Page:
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Hattiesburg Posted Tue 21st of November, 2017 11:59:19 AM
I just go the new updated National policy from Medicare on the mammogram policy and they have added the new N63.xx codes but they do not have any of the codes that end in zero, like N63.10, N63.20. What are we to do about lumps, masses that fall at the 12, 6, 2 or 9 o'clock positions? Those areas do not fall into a specific quadrant and would there for be coded to N63.10 or N63.20 depending on which breast it was but Medicare is not considering these codes.
SuperCoder Answered Wed 22nd of November, 2017 02:41:06 AM

According to the update from the CMS, N63.xx is the code series added newly, but until unless they do not mention that these codes are not covered under specific policy, you can bill by providing the medical necessity of the patient.

With an assumption, possibly mammogram policy might not be mentioning these codes (N63.10, N63.20) because of unspecified lump in unspecified quadrant of the breast.

Since, N63.xx is mentioned, then you can go ahead with your child codes do this series.


Check below the limitations and indications of coverage under mammogram policy of CMS:


Limitations of Coverage:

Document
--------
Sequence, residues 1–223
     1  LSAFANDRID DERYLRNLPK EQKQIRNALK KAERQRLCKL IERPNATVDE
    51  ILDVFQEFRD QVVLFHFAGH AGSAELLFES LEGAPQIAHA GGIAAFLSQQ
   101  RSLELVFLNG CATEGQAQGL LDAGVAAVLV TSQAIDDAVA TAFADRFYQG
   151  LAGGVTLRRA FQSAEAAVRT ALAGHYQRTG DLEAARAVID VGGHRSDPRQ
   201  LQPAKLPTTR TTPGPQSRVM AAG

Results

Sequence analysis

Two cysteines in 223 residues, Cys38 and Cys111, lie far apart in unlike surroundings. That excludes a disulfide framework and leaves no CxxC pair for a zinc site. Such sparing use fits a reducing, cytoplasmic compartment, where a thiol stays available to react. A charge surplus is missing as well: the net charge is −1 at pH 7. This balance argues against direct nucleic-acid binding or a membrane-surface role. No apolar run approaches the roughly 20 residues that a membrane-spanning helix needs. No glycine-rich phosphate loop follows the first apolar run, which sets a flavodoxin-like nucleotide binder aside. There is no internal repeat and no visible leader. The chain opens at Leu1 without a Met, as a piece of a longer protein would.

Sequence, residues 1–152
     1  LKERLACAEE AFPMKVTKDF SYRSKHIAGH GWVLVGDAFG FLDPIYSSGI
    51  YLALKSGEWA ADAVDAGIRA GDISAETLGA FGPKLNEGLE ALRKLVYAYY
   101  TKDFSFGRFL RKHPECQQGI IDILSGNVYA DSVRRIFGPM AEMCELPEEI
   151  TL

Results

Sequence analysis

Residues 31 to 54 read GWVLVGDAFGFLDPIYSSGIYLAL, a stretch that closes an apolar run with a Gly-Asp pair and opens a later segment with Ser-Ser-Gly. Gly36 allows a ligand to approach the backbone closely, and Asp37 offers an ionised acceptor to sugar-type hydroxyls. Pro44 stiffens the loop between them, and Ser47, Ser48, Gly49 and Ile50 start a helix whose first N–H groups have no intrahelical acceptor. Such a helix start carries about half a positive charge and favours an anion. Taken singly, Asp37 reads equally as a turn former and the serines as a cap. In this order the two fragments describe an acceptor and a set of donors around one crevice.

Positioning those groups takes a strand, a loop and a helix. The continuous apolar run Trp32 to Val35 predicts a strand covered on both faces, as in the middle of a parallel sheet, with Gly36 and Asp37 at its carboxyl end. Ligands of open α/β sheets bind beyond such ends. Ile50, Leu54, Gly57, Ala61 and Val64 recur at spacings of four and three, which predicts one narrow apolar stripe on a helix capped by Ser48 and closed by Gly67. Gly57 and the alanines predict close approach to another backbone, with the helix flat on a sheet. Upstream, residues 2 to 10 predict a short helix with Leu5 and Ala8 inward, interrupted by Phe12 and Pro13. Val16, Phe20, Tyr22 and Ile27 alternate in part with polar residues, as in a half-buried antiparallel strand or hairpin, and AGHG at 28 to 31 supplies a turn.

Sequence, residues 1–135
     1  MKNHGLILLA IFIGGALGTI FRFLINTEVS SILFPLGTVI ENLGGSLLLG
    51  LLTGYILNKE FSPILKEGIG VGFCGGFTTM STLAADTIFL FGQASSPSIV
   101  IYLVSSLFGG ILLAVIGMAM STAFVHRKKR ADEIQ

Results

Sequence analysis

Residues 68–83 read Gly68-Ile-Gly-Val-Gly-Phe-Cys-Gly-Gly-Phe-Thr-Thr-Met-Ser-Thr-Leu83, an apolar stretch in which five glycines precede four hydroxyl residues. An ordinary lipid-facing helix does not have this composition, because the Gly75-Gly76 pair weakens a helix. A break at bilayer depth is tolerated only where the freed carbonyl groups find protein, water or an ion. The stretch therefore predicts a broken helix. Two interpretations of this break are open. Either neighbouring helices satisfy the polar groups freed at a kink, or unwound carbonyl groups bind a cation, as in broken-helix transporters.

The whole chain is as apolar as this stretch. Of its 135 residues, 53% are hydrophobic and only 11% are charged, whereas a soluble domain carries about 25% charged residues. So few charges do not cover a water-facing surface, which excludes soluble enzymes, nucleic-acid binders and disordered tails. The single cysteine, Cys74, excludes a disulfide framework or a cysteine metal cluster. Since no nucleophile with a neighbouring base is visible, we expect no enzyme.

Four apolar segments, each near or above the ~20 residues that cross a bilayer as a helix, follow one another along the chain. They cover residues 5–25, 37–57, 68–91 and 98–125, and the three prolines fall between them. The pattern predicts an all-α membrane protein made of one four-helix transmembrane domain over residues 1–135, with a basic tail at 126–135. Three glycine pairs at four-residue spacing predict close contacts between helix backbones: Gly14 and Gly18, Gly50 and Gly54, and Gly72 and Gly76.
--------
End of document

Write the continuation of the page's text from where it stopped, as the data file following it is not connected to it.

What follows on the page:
A diagnostic mammography is a covered service if it is ordered by a doctor of medicine or osteopathy.

Payment may not be made for a screening mammography performed on a woman under age 35. Payment may be made for only one screening mammography performed on a woman over age 34, but under age 40. For an asymptomatic woman over age 39, payment may be made for a screening mammography performed after at least 11 months have passed following the month in which the last screening mammography was performed.


Indications of Coverage:


A radiological mammogram is a covered diagnostic test under the following conditions:

  • A patient has distinct signs and symptoms for which a mammogram is indicated;
  • A patient has a history of breast cancer; or
  • A patient is asymptomatic but, on the basis of the patient’s history and other factors the physician considers significant, the physician's judgment is that a mammogram is appropriate.


Use of mammograms in routine screening of:

(A) asymptomatic women aged 50 and over, and

(B) asymptomatic women aged 40 or over whose mothers or sisters have had the disease, is considered medically appropriate, but would not be covered for Medicare purposes.

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